11 January 2013 | IMS Attends NAMII Supported Event for Additive Manufacturing at PSU: “Technology Showcase on Additive Manufacturing”

Sponsored by the Center for Innovative Materials Processing through Direct Digital Deposition (CIMP-3D) at Penn State and the National Additive Manufacturing Innovation Institute (NAMII), a United States PPP, the event was organized to acquaint industry and government representatives with the broad capabilities of additive manufacturing, as well as providing an introduction to CIMP-3D and NAMII. Although the event organizers expected 75 attendees, over 300 attended indicating the high level of interest in this field.

The meeting started with a welcome by Dr. Hank Foley, VP Research at Penn State University, followed by PSU’s Drs. Rich Martukanitz and Tim Simpson, Co-Directors of of CIMP-3D giving an overview of current research and the new facilities. Mr. Ralph Resnick, Acting Director of NAMII, gave an overview of the new Private Public Partnership (PPP) created for additive manufacturing, financials, membership, and the upcoming calls.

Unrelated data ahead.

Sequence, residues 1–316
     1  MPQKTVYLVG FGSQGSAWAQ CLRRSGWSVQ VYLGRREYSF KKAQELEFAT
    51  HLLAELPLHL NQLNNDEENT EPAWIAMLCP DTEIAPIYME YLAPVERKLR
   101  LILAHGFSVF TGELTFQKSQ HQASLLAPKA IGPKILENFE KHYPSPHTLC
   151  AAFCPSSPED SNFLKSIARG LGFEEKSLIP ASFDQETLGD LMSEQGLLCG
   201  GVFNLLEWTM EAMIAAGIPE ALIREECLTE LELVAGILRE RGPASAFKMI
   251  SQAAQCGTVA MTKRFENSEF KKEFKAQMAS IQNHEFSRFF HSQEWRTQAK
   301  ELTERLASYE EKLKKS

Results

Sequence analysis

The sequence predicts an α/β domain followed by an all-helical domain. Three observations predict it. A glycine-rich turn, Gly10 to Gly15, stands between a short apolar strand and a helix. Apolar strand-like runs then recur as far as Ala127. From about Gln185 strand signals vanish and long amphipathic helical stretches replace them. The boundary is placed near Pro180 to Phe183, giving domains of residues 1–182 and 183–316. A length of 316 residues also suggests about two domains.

Dr. Irene Petrick from PSU College of Science and Technology gave a forward view of how additive manufacturing may change the landscape for large and small manufacturers. She predicted how supply chains may be impacted, trending toward local manufacturing, and challenges that the technology may present.

Mr. Brian Rosenberger from the Lockheed Martin Corporation presented how AM is being incorporated into production, and how future technologies could be revolutionary. He also discussed the difficulties in meeting regulatory requirements with this new technology, as well as gaining internal confidence in the products.

Dr. Craig Blue, Director of Additive Manufacturing at Oak Ridge National Laboratory, discussed their extensive facilities and capabilities, as well as their efforts to train people for this field.

Mr. Robert Cohem, Sr. VP of R&D at Pipeline Orthopedics, showed the state of the art hip replacement using AM to created a bonelike structure to vastly improve attachment of bone to titanium to the point of being stringer than bone at the attachment point, and greatly reduce time to full recovery.

The day ended with tours of PSU’s AM laboratories, and participants were allowed to interface with researchers and see demonstrations of current work.